"Data-Driven Thinking" is written by members of the media community and contains fresh ideas on the digital revolution in media.
Today’s column is written by Lou Montulli, co-founder and chief scientist at Zetta.net.
Once in a while, someone asks me whether I’d have still created the cookie if I knew then what I know now. I always say yes. For better or worse, the cookie, and the avalanche of advertising that came with it, was necessary for the web to mature and thrive.
The industry just celebrated the 20th anniversary of the banner. The cookie made possible those early banners – and every banner since. As the creator of the cookie, it’s been interesting to look back on the impact the cookie has had on the digital ecosystem.
I believe its function, if not its form, is still critical.
I didn’t create the cookie with advertising in mind. The goal was simply to allow sites to recognize returning visitors. It sounds so basic today but 20 years ago that was a real problem. Every visit to every page on every site was treated like an entirely new experience, at least from web servers’ perspective. For site visitors, it was annoying. For webmasters, it was frustrating. But for the web cookie, it was the raison d’etre.
By creating a tiny snippet of code that could be recognized when a visitor returned, a publisher could do all kinds of things. They could remember a person’s preferences, their contact information and whether he or she had any items in a shopping cart. The original cookie was designed to recognize only a single user returning to a single site. It was intended to recognize a first-party relationship.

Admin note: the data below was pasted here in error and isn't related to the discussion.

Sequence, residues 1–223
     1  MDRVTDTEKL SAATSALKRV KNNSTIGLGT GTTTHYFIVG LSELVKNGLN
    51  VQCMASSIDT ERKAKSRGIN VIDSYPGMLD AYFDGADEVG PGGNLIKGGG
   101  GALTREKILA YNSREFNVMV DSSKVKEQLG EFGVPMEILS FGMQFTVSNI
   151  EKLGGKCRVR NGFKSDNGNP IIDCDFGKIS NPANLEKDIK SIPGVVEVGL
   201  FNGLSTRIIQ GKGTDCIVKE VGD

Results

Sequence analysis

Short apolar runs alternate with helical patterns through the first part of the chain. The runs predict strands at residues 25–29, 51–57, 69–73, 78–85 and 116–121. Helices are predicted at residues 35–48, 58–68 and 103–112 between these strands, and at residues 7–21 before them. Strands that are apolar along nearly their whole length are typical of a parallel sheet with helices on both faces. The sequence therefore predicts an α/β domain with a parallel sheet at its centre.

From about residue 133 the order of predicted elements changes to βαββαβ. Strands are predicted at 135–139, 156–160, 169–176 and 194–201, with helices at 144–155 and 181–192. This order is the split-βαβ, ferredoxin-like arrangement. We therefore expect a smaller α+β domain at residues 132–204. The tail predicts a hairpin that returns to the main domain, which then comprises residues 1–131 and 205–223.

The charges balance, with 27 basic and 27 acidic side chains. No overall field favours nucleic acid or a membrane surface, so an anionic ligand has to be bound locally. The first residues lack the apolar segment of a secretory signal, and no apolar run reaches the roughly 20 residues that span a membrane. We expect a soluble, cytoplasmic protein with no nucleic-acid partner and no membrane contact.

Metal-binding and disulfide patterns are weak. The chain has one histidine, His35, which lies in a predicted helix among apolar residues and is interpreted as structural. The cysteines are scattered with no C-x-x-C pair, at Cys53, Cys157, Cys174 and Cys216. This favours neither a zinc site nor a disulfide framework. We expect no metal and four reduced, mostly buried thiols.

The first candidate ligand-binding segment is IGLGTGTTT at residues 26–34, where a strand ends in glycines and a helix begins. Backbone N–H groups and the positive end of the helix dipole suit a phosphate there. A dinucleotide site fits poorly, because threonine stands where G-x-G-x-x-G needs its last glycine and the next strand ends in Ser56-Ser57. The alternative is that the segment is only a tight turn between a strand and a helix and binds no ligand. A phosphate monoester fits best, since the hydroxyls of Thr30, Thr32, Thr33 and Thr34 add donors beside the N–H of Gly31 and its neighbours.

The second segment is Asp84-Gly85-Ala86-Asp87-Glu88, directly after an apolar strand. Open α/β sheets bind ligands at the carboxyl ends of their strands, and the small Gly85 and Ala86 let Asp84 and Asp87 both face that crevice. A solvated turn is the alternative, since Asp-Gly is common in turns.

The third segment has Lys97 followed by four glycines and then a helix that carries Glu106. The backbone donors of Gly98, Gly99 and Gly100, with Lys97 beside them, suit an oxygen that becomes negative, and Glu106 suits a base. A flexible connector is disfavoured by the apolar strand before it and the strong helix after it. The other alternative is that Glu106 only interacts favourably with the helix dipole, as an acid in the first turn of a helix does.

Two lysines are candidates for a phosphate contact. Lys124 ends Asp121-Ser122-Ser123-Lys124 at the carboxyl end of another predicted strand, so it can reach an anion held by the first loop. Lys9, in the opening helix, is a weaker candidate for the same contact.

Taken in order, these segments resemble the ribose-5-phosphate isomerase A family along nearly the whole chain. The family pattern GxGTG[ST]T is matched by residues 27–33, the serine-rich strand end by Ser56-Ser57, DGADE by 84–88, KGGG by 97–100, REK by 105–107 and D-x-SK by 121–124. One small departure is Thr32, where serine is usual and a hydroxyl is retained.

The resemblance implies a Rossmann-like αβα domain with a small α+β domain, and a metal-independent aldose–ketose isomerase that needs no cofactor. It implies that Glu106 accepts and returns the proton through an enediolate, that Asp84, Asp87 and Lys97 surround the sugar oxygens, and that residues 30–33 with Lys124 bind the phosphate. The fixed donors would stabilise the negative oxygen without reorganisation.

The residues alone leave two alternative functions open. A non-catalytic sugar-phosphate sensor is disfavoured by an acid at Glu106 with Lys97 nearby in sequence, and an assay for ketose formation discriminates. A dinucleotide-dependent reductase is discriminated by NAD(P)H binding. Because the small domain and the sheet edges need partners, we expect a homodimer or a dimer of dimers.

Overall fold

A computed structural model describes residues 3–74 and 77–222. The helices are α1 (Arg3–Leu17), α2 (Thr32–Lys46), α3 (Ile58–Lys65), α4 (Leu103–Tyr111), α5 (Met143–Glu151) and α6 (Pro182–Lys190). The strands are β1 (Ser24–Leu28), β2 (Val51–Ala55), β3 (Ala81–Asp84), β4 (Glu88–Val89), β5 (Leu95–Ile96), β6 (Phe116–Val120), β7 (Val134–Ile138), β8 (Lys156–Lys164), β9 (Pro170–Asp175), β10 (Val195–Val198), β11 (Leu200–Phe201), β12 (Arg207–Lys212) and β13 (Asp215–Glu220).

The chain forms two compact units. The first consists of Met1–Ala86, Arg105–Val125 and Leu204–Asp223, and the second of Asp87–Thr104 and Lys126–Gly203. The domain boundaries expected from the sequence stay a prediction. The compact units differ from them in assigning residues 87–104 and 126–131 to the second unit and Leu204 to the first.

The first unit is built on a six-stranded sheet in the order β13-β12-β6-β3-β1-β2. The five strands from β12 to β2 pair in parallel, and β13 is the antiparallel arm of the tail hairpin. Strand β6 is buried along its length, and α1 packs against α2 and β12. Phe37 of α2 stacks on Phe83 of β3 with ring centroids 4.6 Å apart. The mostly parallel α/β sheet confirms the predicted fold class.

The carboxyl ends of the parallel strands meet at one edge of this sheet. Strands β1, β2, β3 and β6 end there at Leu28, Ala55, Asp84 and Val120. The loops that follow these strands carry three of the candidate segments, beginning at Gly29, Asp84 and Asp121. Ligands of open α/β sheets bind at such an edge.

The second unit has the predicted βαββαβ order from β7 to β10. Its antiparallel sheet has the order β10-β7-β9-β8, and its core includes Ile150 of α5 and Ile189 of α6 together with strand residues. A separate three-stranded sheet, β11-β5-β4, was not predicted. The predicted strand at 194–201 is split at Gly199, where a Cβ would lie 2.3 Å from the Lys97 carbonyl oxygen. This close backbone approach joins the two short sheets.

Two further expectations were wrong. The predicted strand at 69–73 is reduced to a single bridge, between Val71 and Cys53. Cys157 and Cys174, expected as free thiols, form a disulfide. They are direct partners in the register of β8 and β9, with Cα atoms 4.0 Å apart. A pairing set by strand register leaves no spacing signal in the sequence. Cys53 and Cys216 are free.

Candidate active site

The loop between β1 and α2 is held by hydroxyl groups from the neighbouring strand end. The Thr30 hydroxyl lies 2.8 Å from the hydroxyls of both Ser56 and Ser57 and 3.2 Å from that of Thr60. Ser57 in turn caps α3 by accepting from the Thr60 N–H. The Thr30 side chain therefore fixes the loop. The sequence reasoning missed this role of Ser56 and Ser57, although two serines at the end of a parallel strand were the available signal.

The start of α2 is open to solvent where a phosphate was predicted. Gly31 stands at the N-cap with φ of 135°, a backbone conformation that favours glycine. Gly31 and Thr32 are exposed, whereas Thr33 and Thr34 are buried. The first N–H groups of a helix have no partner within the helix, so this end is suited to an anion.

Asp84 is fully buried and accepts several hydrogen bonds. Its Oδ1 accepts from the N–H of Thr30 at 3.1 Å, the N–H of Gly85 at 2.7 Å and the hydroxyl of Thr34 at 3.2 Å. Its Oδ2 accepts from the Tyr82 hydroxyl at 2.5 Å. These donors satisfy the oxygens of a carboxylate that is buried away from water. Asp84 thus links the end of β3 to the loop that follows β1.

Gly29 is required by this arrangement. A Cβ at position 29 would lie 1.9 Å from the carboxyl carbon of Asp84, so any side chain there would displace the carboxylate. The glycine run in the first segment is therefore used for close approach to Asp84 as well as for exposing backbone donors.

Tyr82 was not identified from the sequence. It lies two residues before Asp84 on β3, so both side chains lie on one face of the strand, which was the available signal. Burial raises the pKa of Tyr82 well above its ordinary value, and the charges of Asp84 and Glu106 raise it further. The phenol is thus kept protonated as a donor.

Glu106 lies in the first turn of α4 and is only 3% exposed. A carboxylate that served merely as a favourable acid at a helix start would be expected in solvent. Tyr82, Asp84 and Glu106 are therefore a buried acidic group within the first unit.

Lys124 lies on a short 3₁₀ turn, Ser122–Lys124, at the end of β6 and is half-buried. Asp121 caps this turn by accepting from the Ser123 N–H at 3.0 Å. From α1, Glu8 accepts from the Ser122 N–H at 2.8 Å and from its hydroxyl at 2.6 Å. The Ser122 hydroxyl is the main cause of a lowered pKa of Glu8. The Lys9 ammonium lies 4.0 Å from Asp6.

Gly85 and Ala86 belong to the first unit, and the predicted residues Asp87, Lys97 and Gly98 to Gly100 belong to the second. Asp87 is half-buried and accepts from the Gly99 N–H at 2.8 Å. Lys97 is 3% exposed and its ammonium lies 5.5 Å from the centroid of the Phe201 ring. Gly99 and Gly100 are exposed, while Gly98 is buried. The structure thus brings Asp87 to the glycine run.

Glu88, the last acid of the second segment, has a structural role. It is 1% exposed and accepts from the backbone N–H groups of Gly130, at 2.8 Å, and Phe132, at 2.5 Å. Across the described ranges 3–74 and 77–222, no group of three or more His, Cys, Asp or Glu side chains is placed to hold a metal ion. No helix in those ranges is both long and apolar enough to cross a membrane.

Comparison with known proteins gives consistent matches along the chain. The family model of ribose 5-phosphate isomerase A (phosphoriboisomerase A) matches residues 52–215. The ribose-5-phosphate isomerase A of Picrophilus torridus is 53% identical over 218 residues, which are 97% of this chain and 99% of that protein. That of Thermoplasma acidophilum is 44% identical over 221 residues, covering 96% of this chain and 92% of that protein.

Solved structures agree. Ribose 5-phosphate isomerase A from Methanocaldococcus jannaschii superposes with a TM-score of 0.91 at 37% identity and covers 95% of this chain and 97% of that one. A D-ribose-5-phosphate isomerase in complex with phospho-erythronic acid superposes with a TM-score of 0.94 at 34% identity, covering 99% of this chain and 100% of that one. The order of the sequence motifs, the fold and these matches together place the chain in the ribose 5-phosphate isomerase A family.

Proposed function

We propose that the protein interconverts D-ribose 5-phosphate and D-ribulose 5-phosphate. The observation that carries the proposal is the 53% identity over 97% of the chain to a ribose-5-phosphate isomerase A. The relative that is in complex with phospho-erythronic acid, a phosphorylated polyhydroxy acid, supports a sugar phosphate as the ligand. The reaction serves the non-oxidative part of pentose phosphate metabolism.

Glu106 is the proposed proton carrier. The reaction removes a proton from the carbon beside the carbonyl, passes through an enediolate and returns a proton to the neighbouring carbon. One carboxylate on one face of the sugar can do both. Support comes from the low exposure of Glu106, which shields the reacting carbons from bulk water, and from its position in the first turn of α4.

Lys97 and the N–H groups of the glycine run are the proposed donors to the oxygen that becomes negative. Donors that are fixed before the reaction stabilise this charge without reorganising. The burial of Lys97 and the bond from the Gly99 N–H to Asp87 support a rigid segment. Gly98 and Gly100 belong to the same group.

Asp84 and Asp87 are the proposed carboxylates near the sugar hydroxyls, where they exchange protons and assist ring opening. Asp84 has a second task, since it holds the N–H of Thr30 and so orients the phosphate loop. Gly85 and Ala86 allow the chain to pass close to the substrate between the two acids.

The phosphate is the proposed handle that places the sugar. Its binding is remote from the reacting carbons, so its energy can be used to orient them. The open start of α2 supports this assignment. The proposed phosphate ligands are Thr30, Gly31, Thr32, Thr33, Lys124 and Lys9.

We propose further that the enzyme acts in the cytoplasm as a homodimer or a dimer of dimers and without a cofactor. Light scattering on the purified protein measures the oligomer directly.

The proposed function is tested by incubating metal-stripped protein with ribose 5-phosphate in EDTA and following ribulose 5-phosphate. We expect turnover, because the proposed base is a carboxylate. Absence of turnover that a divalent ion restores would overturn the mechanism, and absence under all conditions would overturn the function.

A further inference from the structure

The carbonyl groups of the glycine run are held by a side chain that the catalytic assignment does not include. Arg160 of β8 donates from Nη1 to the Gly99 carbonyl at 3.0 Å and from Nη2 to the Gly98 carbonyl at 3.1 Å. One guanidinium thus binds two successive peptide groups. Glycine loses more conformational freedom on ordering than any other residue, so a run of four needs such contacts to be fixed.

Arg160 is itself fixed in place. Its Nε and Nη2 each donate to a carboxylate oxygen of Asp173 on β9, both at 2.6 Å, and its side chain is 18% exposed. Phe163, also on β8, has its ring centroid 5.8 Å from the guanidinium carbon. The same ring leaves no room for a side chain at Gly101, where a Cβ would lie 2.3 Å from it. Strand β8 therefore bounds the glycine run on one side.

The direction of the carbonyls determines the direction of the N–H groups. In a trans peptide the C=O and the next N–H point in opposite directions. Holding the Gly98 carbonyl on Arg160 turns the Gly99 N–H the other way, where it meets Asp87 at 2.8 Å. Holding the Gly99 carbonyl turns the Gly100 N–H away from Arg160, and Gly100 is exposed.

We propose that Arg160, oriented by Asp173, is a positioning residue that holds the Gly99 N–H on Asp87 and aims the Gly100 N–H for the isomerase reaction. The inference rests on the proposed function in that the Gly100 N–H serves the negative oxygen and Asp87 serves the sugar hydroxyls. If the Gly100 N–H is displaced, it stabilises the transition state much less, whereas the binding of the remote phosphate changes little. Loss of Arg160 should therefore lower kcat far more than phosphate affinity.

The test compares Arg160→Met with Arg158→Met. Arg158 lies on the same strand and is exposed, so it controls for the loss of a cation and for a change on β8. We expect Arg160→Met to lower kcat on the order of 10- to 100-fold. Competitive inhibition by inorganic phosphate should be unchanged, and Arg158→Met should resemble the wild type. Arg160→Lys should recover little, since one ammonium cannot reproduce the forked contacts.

It didn’t take long for the act of recognizing a returning visitor to be applied beyond its original purpose. The cookie began to be used beyond a single site to track an individual user all over the web. But the third-party cookie was a horse of a different color. It introduced new capabilities that weren’t part of the original plan at all.
The cookie became a critical but overlooked and underappreciated element of the Internet. Like the proverbial nail, its value is only recognized in its absence.
A Familiar Problem
For the past seven years we’ve witnessed a seismic shift in computing as mobile took off, more diverse and exotic devices went online and “things” became part of the addressable landscape. For all of the excitement and opportunity this shift has engendered, we find ourselves facing the same challenge that faced the web 20 years ago: How can all of the sites, systems and apps recognize and make sense of visitors coming from so many different directions?
There are, of course, some differences. When the cookie was created, the problem was brand-new and barely understood. The solution that was developed was accidental. The uses it was put to were unintended.
Today we know exactly the problem we’re trying to solve. We know exactly what we’re trying to accomplish. And we know – roughly – the shape of a solution.
A Different Era
So why don’t we have something that duplicates the function of the cookie across the new digital landscape?
Unlike the early days of the web, there are many stakeholders, standards and constituencies today that want a say in the shape of the future. The early web was incredibly simple. There were so few moving parts that a single system could be imagined and built to connect the most relevant dots.
That isn’t the case today. Or is it? If we’re able to abstract things it becomes possible to see that the same concepts and concerns are again in play. But hopefully this time, we as an industry will get it right a little faster than the last time around.